I am not going to claim that BTC will. I have no idea whether it will or not. I think it would be great if it did, but I think anyone can only speculate at this point.
IMHO the best argument for price stabilization of BTC is that the liquidity will increase enough, and that the usage will be broad enough. Currently, there are many individuals that can substantially influence the price with their stake. The BTC 'market cap' might be about $5B, but the daily volume is around $10M. That's comparable in marketcap and volume to a stock like SunEdison, and so is the volitility. Currently trade volume is about 20x transaction volume. That's a stock, not a currency.
If the amount traded becomes a smaller amount of the total in circulation, volatility should settle down. That said, even a useful currency like the Euro isn't boring. I tried to find stats on the trade volume of the euro vs. its velocity, but had little success. I'd be curious how it measures up. It would surprise me if the Euro trade volume was 20x it's transaction volume, but who knows.
When it comes to the whole inflation vs. deflation shit, I haven't a clue. One would have thought that QED would lead to some inflation... It doesn't seem that Central Banks can turn the knobs that easily. The fact that hyperinflation exists is pretty good evidence of the psychological nature of currency overwhelming the forces of supply and demand. Brazil had a crazy currency experiment that supports that notion.
At any rate, I don't think it's evident that BTC is going to be a sovereign currency replacement, so it doesn't necessarily have to meet that bar. People are interested in owning plenty of assets that aren't currencies, and to the extent that bitcoin's utility outweighs BTC's shortcomings as an asset, then people should put it to use. For some reason a lot of people are interested in owning paper vouchers for gold. That seems a low bar to me.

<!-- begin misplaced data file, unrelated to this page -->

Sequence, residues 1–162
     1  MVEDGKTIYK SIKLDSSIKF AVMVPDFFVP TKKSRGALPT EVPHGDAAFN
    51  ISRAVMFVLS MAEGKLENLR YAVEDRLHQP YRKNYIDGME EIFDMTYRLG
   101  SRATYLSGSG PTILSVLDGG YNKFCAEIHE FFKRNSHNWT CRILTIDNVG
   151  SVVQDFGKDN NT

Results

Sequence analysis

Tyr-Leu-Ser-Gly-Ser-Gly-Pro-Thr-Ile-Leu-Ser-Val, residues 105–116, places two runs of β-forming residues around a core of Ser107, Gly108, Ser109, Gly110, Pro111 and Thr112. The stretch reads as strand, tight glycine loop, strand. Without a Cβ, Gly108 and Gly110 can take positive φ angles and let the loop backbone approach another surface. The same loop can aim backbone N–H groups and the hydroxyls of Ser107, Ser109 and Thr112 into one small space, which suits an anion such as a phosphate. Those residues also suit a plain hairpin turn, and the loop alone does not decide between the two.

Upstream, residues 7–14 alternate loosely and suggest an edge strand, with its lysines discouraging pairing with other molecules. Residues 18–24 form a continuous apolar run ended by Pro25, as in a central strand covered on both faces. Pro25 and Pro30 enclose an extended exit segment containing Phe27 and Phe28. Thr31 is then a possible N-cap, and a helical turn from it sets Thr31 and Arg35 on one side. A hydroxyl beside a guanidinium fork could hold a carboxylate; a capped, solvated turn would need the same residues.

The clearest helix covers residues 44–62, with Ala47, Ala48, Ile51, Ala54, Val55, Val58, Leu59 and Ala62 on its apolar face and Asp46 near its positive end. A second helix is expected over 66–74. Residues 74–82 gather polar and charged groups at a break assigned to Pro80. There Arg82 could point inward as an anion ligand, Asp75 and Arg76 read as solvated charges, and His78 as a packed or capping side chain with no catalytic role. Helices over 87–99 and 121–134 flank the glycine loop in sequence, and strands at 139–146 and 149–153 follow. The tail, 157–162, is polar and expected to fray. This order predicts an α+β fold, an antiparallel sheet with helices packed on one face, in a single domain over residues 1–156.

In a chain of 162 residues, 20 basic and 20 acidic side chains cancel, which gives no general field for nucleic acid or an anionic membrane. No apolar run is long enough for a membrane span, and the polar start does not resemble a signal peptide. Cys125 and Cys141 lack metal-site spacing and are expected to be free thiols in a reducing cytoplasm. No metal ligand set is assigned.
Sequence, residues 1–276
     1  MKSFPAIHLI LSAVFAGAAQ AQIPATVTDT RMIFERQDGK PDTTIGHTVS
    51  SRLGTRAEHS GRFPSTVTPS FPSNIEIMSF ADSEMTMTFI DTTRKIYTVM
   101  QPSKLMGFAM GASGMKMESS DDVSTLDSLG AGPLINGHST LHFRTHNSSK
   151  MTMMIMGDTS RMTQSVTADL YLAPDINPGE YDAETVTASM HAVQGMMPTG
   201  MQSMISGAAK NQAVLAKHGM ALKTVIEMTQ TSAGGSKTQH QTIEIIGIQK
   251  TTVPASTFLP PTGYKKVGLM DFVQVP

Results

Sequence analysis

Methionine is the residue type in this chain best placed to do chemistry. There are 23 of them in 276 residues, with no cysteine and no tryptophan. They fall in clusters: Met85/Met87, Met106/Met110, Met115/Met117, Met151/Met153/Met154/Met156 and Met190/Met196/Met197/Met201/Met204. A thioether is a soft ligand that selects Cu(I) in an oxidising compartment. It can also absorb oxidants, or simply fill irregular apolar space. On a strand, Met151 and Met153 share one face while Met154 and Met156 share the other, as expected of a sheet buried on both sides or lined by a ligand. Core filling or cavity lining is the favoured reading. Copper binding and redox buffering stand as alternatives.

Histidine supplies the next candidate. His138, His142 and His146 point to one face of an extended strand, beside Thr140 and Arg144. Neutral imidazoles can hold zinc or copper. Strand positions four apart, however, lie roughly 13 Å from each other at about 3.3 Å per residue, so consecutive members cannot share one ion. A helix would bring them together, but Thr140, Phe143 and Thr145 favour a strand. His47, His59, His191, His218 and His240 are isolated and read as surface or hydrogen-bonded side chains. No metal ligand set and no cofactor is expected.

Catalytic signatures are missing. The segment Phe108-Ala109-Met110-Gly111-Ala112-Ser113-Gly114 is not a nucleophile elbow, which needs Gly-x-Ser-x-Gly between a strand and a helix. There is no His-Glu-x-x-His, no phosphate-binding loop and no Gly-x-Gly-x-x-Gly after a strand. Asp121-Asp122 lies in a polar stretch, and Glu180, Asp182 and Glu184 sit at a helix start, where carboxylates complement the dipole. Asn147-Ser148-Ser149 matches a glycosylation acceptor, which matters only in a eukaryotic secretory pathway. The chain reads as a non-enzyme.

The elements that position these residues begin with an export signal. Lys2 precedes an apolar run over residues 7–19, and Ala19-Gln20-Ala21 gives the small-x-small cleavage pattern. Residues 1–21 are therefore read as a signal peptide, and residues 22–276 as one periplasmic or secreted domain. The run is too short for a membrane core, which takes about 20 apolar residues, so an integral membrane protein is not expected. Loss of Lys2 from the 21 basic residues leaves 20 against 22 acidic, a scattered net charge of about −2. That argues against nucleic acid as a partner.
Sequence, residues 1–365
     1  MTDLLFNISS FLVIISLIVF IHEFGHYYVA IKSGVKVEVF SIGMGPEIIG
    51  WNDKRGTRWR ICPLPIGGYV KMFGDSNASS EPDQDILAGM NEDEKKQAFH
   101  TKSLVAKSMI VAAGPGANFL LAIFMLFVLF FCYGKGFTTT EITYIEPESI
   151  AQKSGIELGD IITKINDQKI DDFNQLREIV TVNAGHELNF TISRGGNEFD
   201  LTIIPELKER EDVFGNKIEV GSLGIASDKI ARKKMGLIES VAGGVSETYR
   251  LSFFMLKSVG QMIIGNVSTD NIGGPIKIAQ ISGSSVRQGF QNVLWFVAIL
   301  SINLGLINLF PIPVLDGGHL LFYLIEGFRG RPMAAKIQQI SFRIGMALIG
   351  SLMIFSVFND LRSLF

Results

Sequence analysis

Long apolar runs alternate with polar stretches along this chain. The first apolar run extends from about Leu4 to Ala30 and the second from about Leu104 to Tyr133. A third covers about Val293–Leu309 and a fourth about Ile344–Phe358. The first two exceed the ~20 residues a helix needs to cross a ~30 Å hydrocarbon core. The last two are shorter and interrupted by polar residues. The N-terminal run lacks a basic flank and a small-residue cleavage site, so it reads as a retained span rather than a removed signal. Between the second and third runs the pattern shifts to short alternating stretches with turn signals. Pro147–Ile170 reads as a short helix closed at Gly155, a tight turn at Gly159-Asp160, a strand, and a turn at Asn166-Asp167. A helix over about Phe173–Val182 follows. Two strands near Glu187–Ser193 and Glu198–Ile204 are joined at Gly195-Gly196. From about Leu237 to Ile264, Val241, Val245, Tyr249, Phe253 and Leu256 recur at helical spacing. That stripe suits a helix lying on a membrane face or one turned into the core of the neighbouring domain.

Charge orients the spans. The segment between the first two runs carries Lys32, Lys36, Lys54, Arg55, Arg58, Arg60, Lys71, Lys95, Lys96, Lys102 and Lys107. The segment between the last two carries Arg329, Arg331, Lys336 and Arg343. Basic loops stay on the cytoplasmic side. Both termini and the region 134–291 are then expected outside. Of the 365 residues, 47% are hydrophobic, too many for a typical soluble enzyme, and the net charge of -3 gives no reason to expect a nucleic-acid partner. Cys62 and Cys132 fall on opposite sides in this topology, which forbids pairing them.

There's some crazy interesting shit that is being done with bitcoin that you just can't do with currency. There are decentralized hosting schemes where people that run nodes of a decentralized network get paid out from aggregated BTC to pay for their service. For example, Hubski could be distributed, and if you ran a Hubski node, you would be credited BTC based upon the bandwidth/storage that you contributed. That BTC could come from advertisers, subscriptions, etc., and all the allotment would be automated. You could spin up a Hubski node, and start getting paid within the hour.
There also remains the real possibility that if/when BTC becomes integral to commerce/etc., a central authority will step in and fuck with the code in such a way to make it behave like a Central Bank.